Sophie Jones, 19, was diagnosed in November and died on Saturday.
Doctors had put down the crippling stomach pains she had suffered for over a year to Crohn’s disease.
Sophie's family say she had pleaded for a smear test but was refused one because of her age – women under 25 may not request them.
They claim her life might have been saved had she been given one and have set up an online petition in her memory calling for the age one can have a smear test lowered to 16.
The petition, named Sophie's Choice, was set up by family friend Pamela Keelan who claims "our Sophie has been failed in the worst way". At time of press it had received nearly quarter of a million signatures.
She wrote: "A friend and amazing young girl our Sophie has had her life cut short after experiencing symptoms for over a year and being in horrendous pain and even asking for a smear. But because of her age, 19, she was refused time and time again. Out of loads of doctors it took that one to say on we will check you properly but then it was too late."
Sophie’s sister Steph told the Liverpool Echo: "She was just the life and soul of everything, and just lit the place up. She was always a very calming influence on everyone around her, and she loved being with her friends.
"This should never, ever have happened to her."
A Department of Health spokesman told HuffPost UK via email: "This is a very tragic case. The issue has been debated in Parliament, but the best independent evidence still shows that routine screening of women under 25 does more harm than good.
“Instead we now vaccinate girls with the HPV vaccine which protects against 70 per cent of cervical cancers.
“Women with symptoms of cervical cancer, like unusual bleeding, are advised to see a doctor straight away for tests to investigate their symptoms.
“We have given doctors advice on what to do when younger people come to them with cervical cancer symptoms.”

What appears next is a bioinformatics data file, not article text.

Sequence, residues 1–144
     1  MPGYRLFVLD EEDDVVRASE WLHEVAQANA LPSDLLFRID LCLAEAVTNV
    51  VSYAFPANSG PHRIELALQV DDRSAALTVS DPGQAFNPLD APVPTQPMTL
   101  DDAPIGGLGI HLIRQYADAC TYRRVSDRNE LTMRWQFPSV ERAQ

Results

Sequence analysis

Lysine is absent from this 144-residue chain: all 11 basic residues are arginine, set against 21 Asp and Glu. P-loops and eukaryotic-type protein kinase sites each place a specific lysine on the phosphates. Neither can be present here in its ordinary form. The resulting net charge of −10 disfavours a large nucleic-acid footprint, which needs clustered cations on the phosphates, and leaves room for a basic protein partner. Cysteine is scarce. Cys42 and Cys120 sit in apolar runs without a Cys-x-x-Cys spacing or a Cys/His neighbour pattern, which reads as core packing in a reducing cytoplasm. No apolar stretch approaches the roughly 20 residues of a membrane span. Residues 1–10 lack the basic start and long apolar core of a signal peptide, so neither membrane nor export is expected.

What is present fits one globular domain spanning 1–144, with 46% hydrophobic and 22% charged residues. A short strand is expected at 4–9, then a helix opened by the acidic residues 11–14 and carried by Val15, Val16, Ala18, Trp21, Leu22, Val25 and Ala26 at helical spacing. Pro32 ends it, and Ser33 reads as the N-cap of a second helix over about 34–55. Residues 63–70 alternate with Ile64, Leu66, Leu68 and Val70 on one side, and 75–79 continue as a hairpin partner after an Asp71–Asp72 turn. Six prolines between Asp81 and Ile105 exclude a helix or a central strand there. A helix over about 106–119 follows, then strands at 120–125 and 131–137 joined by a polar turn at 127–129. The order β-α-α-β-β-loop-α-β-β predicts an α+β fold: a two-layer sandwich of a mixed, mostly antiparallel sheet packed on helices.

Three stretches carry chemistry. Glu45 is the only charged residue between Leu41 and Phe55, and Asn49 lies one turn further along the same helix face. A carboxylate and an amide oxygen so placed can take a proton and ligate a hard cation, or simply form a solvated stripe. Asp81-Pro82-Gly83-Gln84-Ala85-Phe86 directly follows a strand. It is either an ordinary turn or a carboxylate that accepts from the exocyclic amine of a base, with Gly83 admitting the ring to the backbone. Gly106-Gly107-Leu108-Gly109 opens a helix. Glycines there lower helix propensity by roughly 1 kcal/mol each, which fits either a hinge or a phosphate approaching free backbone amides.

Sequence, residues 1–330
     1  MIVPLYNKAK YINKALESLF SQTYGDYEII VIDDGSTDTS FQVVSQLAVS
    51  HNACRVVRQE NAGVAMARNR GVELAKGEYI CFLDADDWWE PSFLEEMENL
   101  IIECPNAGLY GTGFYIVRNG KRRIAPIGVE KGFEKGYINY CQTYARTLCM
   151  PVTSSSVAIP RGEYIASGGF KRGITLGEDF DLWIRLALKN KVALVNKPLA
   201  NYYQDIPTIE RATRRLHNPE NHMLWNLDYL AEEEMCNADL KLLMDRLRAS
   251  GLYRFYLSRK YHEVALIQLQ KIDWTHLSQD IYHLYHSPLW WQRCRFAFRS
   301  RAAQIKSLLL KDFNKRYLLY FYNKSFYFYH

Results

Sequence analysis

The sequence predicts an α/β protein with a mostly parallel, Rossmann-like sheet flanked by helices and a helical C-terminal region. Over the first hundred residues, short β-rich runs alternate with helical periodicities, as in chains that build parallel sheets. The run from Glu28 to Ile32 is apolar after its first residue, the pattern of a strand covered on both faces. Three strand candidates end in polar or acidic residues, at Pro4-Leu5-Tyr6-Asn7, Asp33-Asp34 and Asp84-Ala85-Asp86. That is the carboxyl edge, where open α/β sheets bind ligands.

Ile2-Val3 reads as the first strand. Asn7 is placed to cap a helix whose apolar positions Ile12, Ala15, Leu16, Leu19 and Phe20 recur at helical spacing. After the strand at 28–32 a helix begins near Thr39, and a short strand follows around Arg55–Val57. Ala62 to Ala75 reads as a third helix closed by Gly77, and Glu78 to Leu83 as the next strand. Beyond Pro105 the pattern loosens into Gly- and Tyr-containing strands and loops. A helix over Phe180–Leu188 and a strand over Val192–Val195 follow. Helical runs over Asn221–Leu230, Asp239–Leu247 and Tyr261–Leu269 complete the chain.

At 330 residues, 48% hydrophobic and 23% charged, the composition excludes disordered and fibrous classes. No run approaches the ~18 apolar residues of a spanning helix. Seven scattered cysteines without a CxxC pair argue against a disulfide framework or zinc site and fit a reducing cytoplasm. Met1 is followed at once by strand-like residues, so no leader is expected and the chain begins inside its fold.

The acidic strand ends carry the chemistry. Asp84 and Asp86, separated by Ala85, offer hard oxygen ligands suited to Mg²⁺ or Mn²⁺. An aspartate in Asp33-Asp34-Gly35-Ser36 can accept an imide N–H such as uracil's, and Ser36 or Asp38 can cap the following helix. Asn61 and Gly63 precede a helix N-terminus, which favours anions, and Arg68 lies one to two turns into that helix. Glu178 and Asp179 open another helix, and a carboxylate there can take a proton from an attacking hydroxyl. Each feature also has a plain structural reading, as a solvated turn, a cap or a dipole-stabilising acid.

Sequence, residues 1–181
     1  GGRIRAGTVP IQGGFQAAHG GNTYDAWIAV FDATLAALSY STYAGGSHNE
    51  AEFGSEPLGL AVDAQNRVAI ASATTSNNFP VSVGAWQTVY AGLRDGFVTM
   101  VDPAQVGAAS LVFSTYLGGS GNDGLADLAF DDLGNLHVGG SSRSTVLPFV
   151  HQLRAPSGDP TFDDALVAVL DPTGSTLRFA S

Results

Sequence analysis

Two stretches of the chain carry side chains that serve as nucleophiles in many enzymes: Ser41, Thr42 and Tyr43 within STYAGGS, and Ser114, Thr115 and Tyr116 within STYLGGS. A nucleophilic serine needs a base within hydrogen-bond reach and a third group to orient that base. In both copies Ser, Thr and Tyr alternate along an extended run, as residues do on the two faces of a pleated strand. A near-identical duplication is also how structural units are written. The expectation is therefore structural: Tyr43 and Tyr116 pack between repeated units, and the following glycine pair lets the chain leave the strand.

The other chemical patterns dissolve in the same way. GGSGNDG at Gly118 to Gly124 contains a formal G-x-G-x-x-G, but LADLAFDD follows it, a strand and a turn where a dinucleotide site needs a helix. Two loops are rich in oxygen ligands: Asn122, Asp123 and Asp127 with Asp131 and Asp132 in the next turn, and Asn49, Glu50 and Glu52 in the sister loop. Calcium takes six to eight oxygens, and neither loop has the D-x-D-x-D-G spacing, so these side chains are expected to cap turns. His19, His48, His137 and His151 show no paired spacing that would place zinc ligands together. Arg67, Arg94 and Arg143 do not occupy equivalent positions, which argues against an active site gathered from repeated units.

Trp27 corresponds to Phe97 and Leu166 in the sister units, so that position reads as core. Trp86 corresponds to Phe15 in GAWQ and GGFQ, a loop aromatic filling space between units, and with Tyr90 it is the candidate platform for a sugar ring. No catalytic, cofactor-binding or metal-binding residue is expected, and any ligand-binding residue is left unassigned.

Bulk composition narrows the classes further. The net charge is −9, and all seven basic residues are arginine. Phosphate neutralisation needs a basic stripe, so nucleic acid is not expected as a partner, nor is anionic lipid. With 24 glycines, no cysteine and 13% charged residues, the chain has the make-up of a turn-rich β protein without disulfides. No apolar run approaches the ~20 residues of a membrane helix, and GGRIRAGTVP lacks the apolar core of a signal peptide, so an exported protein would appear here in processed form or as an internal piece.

- Cervical screening is not a diagnostic test for cancer; it is designed to identify abnormal cells that may one day lead to cancer. 1 in 14 women over 25 yrs, and 1 in 3 under the age of 25, have ‘abnormal’ smears.
- The cervical screening age in Northern Ireland is 25-64, in Wales it is 20-64 and in Scotland it is 20-60.
To determine if there is indeed an abnormality, women will then have to have further tests which might involve a large biopsy of the cervix potentially leading to cervical incompetence.
Cancer Research UK’s most recent statistics say no girl under the age of 20 died from cervical cancer between 2009 and 2011, making Sophie one of the youngest ever victims of the disease.
Professor Julietta Patnick, Director of the NHS Cancer Screening Programmes said: "This is a very sad case, however, cervical cancer in women under the age of 25 is very rare, and it's even rarer for a teenager to develop this form of cancer.
“Younger women often undergo natural and harmless changes in the cervix that screening would identify as cervical abnormalities, and in most cases these abnormalities resolve themselves without any need for treatment.
“Evidence has shown that screening women under the age of 25 may do more harm than good as it can lead to unnecessary and harmful investigations and treatments which could have an adverse effect on their future childbearing. In women under 25, therefore, this risk outweighs any benefit.”